Dolphins can identify with and respond to each other using a unique whistle, according to research published in the Proceedings of the National Academy of Sciences (PNAS) .
The research, published in part on the PNAS website, demonstrates that “Bottlenose dolphins can use learned vocal labels to address each other.” Vocal labelling occurs when an animal uses a specific and consistent acoustic signal to interact with an object or class of objects.
This forms part of the foundation of human language, but is not common among animals.
However, a team of researchers from the University of St Andrews, Scotland, have found that dolphins respond when they hear their own call played back to them. In the PNAS report, it is stated that bottlenose dolphins are particularly interesting “because they are capable of vocal production learning and can learn to use arbitrary signals to report the presence or absence of objects.”
Dr Vincent Janik, who works at the university’s Sea Mammal Research Unit, attributes dolphins’ need for an effective communication system to their habitat:
“(Dolphins) live in this three-dimensional environment, offshore, without any kind of landmarks and they need to stay together as a group.”
“These animals live in an environment where they need a very efficient system to stay in touch,” he added.
Research had already been done into the similarity between dolphins’ use of distinct whistles and humans’ use of names. However, this is the first study into dolphins responding to their own “names”. Janik believes that a greater understanding of the evolution of this skill in animals could provide further insight into the development of communication among humans.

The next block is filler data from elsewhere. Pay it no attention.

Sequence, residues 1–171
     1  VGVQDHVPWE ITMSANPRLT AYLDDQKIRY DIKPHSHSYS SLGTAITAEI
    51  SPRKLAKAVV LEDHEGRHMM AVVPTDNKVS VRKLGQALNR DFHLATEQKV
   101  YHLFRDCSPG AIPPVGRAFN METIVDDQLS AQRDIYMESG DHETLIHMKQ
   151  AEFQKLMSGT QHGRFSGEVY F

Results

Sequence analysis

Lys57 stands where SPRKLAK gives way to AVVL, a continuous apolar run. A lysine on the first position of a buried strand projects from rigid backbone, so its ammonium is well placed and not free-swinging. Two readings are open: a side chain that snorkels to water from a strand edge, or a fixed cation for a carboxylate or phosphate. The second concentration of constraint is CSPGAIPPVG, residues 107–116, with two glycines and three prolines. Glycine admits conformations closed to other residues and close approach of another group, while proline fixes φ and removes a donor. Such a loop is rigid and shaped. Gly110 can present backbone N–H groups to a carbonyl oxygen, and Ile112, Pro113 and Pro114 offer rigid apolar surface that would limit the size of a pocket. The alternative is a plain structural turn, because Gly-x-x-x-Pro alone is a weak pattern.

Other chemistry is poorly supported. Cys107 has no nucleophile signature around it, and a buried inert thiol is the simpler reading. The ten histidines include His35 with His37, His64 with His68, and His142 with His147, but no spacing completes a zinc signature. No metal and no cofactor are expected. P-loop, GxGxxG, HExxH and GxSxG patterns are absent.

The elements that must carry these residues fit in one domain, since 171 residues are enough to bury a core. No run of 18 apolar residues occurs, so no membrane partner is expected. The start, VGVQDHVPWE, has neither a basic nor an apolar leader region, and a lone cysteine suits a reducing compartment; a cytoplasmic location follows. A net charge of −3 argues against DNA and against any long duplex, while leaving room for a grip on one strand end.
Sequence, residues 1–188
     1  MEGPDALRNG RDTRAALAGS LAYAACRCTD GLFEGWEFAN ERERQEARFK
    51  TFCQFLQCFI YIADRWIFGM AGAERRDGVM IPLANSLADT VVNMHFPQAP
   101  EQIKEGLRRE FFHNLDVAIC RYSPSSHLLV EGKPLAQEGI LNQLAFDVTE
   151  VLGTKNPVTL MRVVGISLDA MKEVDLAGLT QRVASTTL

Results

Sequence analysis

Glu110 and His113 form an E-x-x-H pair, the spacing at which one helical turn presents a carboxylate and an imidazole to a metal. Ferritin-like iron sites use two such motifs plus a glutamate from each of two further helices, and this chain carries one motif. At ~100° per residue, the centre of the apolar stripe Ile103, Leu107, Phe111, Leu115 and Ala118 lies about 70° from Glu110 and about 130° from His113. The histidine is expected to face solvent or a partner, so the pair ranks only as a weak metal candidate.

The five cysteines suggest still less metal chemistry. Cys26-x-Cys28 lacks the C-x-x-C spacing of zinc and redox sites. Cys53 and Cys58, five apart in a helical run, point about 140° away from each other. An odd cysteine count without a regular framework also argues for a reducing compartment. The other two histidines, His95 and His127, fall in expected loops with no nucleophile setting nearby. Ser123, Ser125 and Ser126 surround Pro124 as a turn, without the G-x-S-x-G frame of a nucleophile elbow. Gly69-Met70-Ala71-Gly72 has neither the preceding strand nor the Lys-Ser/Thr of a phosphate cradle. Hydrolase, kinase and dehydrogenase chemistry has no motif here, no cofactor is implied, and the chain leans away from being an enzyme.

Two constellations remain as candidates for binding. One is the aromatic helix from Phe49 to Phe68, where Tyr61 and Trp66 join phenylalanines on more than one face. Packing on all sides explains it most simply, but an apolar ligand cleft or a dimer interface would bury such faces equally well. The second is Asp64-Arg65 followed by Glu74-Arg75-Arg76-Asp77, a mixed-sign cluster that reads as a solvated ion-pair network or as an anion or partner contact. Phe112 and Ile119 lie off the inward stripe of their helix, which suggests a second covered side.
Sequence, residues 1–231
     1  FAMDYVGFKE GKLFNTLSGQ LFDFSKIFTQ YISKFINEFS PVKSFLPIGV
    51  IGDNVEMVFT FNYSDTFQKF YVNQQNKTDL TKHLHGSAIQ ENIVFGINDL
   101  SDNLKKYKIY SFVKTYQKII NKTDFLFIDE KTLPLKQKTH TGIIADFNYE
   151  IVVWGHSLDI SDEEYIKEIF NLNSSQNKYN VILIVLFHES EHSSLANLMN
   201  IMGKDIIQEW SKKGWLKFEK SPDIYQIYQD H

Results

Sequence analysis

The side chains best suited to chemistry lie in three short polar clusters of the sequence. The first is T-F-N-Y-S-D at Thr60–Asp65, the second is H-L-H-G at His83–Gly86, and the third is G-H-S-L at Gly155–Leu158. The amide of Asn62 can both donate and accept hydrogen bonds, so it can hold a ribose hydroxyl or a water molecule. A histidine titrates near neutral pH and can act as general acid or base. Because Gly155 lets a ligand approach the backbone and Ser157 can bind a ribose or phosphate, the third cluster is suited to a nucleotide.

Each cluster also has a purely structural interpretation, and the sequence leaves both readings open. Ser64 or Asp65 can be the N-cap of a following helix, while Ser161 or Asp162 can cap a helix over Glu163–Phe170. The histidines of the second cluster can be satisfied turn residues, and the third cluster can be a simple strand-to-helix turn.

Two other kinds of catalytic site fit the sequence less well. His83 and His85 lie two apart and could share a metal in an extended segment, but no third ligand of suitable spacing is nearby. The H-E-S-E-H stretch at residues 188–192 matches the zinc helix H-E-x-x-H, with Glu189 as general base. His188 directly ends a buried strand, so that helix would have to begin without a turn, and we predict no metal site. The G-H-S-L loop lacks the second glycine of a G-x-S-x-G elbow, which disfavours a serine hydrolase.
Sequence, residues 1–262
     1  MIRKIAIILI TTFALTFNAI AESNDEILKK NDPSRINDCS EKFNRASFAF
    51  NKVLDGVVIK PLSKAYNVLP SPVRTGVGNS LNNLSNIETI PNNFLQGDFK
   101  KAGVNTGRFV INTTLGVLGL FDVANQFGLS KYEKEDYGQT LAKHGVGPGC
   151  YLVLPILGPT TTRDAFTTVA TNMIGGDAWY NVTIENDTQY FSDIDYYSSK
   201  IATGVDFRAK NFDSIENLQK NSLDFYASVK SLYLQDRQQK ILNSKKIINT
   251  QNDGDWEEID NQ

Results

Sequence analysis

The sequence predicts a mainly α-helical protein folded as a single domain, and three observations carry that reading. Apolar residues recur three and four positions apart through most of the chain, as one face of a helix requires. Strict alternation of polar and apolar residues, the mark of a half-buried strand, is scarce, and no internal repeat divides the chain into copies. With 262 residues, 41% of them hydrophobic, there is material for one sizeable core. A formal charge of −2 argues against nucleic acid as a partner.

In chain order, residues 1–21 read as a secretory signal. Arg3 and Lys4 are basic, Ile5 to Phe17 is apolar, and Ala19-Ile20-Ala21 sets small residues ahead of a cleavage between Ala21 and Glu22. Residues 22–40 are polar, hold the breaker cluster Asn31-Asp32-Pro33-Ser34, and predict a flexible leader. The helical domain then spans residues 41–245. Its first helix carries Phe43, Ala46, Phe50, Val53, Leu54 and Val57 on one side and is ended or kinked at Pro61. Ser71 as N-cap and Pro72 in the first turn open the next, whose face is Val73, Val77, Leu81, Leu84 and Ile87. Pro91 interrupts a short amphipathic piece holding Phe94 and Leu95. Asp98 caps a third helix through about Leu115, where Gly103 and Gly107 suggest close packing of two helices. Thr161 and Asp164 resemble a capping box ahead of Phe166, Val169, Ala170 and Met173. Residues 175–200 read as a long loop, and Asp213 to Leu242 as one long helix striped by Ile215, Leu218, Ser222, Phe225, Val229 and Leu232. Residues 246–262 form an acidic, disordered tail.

A part of the research involved recording a school of bottlenose dolphins and capturing each animal’s individual sound. These signature calls were then played back to the dolphins using underwater speakers.
Janik and his team have discovered that dolphins act in a similar way to humans, and answer when they hear their own name: a skill that must prove helpful when the group is trying to stay together in their vast environment:
“Most of the time they can’t see each other, they can’t use smell underwater, which is a very important sense in mammals for recognition, and they also don’t tend to hang out in one spot, so they don’t have nests or burrows that they return to,” Janik observed.
Although researchers at St Andrews believe that this is the first time communication such as this has been seen in an animal, similar analysis involving vocal labelling among parrots has also been carried out.